AND PRINCIPLES OF
In the last chapter, we discussed how informal and incidental learning in project organizations can lead to surprises and blowups that trigger redlight learning, resulting in “blamestorming” and other detrimental longterm effects. We also discussed the problems associated with traditional “lessons-learned” practices and why they have proved ineffective for facilitating learning and performance improvement—primarily because these practices defer structured reflection until after projects are over, when it is too late for teams to implement meaningful improvements. In this chapter, we discuss the foundations and principles of multi-level learning, beginning with the concepts associated with productive reflection, then moving to a discussion of how both the U.S. Army and companies adopting agile software development approaches engage in periodic reflection to improve performance from one iteration, one phase, and one project to the next. The chapter concludes with an overview of the principles of multi-level learning.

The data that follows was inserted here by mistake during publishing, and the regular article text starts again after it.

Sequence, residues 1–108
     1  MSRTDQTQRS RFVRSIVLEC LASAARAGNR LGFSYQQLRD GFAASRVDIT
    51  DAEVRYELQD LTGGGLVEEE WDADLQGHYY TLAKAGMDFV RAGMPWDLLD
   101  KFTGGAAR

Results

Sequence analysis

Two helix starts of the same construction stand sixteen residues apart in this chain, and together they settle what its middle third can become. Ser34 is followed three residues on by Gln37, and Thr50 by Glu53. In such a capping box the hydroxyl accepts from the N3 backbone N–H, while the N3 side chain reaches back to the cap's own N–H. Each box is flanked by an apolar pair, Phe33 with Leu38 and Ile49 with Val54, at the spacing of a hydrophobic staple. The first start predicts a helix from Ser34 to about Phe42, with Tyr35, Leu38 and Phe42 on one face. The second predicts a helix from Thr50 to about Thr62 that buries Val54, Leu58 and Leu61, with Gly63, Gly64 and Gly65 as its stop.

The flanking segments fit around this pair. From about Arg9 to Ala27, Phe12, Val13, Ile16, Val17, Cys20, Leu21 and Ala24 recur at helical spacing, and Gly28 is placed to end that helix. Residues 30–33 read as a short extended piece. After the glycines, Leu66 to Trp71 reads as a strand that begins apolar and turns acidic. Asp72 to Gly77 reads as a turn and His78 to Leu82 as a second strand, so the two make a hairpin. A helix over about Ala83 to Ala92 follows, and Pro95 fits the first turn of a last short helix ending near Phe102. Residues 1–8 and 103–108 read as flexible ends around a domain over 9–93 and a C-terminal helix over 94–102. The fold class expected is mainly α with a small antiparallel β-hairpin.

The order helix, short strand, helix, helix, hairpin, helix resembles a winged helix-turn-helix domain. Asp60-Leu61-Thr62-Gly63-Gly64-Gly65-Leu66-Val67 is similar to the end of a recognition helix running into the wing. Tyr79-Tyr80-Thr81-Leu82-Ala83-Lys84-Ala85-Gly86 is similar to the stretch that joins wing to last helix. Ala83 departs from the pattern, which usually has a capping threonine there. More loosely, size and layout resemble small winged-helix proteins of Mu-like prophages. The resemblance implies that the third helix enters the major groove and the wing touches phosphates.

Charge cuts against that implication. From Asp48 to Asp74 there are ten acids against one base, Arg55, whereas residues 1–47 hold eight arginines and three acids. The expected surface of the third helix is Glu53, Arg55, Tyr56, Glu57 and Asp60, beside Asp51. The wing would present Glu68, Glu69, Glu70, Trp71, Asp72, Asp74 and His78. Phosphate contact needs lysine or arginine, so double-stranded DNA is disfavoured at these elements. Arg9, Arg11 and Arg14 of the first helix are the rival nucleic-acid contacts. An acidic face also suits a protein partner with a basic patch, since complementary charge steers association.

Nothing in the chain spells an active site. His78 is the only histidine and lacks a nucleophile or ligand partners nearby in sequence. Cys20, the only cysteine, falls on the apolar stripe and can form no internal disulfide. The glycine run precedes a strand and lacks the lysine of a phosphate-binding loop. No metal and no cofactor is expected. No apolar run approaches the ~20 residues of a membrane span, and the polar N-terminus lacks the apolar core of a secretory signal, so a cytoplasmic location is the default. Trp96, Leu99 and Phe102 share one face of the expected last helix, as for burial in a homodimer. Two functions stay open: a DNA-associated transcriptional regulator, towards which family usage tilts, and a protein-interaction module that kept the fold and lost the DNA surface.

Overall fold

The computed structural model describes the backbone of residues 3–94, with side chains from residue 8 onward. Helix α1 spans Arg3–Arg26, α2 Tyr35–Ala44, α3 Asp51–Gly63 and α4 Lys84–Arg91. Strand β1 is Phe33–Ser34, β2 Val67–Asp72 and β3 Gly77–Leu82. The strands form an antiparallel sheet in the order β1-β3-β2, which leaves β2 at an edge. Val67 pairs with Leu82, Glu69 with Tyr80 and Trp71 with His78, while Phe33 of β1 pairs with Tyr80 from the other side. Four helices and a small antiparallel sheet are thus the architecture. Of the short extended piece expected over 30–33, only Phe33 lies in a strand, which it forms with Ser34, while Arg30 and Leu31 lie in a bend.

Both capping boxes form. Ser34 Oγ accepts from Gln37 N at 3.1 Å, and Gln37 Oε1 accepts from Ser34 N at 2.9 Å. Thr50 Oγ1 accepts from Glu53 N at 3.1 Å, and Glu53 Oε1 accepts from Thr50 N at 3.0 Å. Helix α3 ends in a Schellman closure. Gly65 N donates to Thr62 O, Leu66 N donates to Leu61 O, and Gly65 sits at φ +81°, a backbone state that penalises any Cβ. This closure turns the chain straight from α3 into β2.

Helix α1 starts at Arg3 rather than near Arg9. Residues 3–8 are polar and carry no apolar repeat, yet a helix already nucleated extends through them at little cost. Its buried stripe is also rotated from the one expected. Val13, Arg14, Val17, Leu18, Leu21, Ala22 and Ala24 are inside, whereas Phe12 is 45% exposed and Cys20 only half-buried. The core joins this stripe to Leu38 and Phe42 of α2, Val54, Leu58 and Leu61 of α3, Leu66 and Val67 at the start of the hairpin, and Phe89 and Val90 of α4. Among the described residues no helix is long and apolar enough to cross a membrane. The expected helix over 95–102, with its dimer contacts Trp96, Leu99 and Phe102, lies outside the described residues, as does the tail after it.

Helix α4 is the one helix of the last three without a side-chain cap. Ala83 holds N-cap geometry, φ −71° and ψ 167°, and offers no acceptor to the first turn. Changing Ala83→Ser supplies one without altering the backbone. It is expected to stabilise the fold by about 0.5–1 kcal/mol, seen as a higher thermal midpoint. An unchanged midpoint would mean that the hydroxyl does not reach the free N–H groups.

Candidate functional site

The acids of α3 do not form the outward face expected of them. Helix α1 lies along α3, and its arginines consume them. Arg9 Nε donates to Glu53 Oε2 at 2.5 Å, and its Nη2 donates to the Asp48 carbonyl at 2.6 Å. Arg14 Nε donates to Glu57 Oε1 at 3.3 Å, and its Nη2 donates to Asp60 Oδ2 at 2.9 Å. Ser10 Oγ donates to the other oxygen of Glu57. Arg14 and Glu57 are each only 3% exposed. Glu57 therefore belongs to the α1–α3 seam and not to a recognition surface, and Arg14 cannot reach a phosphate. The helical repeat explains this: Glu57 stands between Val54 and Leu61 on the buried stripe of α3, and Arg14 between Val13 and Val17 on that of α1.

In his book Educating the Reflective Practitioner, Donald A. Schön (1990) demonstrates how reflection plays an important role in the development of “professional artistry,” the “kinds of competences practitioners sometimes display in unique, uncertain, and conflicted situations of practice” (p. 22). He distinguishes this type of competence from competence that is based solely on the application of the explicit rules and guidelines of one's